You probably won’t be surprised to hear that at focused+fit nutrition, we don’t like the word “diet”. Why? Well, first, the word itself conjures up negative thoughts of depriving yourself or eating “less” of something. It also implies that the change you’re making is a temporary “fix”, as in “I’m going to go on a diet next week.” We all know that a temporary mindset when it comes to nutrition and your health is not the answer. We prefer that our clients focus on incremental changes they can make with regards to eating and movement that then get established as a permanent part of their routine. That’s when real change happens. But in the meantime, if you are falling into the “dieter” category, we thought it would be helpful to illuminate some of the mistakes we see so often when we speak to new clients who have struggled with their weight. These mistakes keep you from building momentum and seeing results. The good news is the sooner you realize why these actions don’t work, the sooner you can change your behavior, and get on the right track to real weight loss and health.
#1 – Eating too little
When people move to a whole foods diet, they typically cut out the junk food and eat a lot less. They typically start with breakfast and a very small lunch (like chicken + broccoli) and then get home from a long day of work with a headache and foggy head. So what’s next? You guessed it – they are so hungry they can’t wait to dinner to eat, so they fill up on high calorie or empty calorie snacks (like cheese and crackers or pretzels) before eating a big dinner. By eating a lot of calories late in the day because they ate so few earlier, they’re hurting their metabolism. On the flip side, if they come home from work and continue to cut calories by eating a very light dinner or just having some snacks to “be good”, they’re getting too few calories, which backfires too.
Does this sound familiar? If you’re eating too few calories throughout the day, you may be losing weight according to the scale, but it also means you’re losing fat as fast as you’re losing muscle. You’re down-regulating the amount of calories your body needs to burn on a daily basis which means your metabolism slows down and your losing lean body mass. It’s also not sustainable – we see a lot of people who eat less for 2-3 days and then they overdo it for a day or two because they’re too hungry to care. They continue this vicious cycle and fail to achieve results.
Many of our clients have limited their daily caloric intake to 1200 calories and then find that they hit a plateau and stop losing. That’s because your body is not getting the calories it needs to maintain muscle. Yes, we will probably recommend reducing a set number calories if your goal is weight loss, but with the goal of finding your “sweet spot” – the calorie deficit (while eating real, whole foods) that shows results but without down-regulating your metabolism.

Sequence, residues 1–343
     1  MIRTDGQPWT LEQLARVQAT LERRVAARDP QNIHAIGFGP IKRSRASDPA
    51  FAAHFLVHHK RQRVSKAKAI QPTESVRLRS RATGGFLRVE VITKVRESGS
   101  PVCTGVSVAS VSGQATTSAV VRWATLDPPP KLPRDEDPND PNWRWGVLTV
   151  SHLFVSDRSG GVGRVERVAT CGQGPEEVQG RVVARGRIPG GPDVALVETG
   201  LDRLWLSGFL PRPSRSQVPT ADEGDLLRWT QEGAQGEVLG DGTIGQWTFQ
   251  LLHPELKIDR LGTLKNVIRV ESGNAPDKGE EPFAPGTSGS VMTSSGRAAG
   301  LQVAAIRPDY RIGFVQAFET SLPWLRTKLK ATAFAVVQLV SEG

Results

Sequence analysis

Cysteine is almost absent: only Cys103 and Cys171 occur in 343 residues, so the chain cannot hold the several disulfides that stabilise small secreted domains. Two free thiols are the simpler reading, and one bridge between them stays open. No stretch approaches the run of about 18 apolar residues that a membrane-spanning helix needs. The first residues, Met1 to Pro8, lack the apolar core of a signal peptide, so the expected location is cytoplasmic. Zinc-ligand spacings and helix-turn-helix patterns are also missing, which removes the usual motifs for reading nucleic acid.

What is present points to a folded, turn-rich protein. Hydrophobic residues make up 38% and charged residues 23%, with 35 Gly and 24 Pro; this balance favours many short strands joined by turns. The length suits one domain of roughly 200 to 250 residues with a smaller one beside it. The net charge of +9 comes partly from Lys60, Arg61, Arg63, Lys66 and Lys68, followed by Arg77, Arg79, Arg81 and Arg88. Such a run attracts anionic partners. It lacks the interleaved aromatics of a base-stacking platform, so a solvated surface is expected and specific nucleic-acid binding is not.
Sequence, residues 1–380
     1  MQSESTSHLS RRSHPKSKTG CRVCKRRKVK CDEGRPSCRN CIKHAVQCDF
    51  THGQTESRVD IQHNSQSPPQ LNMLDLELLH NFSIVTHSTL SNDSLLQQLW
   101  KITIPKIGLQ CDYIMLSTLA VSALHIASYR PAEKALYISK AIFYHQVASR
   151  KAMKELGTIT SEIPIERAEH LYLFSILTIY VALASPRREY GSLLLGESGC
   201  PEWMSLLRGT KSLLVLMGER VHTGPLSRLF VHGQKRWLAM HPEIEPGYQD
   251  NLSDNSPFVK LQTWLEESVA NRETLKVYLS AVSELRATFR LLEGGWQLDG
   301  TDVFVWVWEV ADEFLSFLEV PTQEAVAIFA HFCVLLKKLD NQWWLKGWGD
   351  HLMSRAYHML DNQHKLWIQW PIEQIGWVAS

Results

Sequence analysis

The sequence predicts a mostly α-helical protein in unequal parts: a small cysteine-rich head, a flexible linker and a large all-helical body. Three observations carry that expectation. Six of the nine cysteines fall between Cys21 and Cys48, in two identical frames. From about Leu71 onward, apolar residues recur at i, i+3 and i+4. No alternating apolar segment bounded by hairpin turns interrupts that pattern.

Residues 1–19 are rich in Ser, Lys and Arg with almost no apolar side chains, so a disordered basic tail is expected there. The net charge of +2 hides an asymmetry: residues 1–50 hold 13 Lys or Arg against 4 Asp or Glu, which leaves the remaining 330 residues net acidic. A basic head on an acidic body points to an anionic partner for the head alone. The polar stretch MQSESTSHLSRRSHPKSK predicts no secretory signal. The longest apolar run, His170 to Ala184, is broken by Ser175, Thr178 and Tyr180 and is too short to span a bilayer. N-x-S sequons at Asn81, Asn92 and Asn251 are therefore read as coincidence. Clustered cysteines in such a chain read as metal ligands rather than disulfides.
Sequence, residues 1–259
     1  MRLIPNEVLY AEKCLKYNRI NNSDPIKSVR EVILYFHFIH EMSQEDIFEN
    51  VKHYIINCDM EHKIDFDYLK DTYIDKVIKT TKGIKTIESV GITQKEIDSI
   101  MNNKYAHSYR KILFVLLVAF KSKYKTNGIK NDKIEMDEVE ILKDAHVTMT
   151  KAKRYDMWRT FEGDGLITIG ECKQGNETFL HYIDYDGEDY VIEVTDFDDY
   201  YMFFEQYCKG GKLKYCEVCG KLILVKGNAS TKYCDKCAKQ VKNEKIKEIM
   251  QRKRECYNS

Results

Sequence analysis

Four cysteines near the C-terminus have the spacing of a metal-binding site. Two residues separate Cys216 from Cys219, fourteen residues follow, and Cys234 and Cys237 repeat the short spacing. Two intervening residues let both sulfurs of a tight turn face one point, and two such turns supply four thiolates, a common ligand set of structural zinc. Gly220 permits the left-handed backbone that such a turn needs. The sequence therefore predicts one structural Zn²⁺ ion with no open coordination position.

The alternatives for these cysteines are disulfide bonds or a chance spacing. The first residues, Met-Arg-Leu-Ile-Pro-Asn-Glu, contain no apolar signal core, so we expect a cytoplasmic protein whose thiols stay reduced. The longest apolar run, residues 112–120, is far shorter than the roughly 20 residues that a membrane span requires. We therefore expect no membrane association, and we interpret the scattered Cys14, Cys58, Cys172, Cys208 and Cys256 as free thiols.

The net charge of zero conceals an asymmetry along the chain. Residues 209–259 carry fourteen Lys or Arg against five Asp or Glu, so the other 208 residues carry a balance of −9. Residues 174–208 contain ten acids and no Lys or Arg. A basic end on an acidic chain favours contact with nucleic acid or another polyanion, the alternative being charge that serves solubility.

#2 – Underestimating cheat meals
When it comes to dieting in our culture, “cheating” is something that’s expected. Some of our clients ask, “When can I have a cheat meal?” or “What is acceptable for cheat day?” Unfortunately, if you want to see long-term results, there’s no cheating. It is the master derailer. Now, you may decide you want to have a treat here or there, or eat something off-plan. But that doesn’t mean that you all of the sudden get a “freebie” meal that doesn’t count. It always counts. It’s important to find a balance but you have to choose your treats carefully. For example, if you’re eating at about a 500-calorie deficit each day (which amounts to about 1 lb per week in weight loss), you’ve built up around 2,500 calories of deficit by the time Saturday rolls around. However, if you eat a big brunch on Saturday or have lots of drinks later that night, all of that work during the week just went away in 1-2 days. The 2,500 calories just came right back. That’s why balance is so important. Think of a way to have an occasional treat instead of thinking of it as a cheat day or cheat meal that could result in thousands of calories. Why would you want to throw away all of the hard work you’ve put in for the other five to six days of the week?
#3 – Using technology while you’re working out
Did you know that calorie trackers on exercise equipment have been shown to have a 40-60% margin of error? Eek. Be careful. If you do an hour class or run for an hour, and your activity tracker says you’ve burned 600 calories, you go off thinking you can eat an extra 600 calories that day. But what if your calorie burn was more like 300? Then you’re actually going backward when you eat a meal or snack that’s 600 calories. A better approach is to break the relationship of “I worked out this much, therefore I earned X# of calories to eat”. You should work out because it’s good for you, it makes you feel better, it changes your body composition, etc., not because it allows you to eat X amount more. Also you should consider that you would’ve been burning some calories during that hour if you hadn’t worked out which is another reason you can’t take the “calories burned” stat at face value. Bottom line: Separate workout calories from food calories – it’s a slippery slope if you’re playing the math game.
If any of these strategies resonate with you and you’re not sure how to break the chain, focused+fit can help. That’s why nutrition coaching can be so helpful. We take a personalized, objective approach to every client and work to find strategies that work for them long-term. It’s all about making permanent lifestyle changes to help you go from surviving to thriving.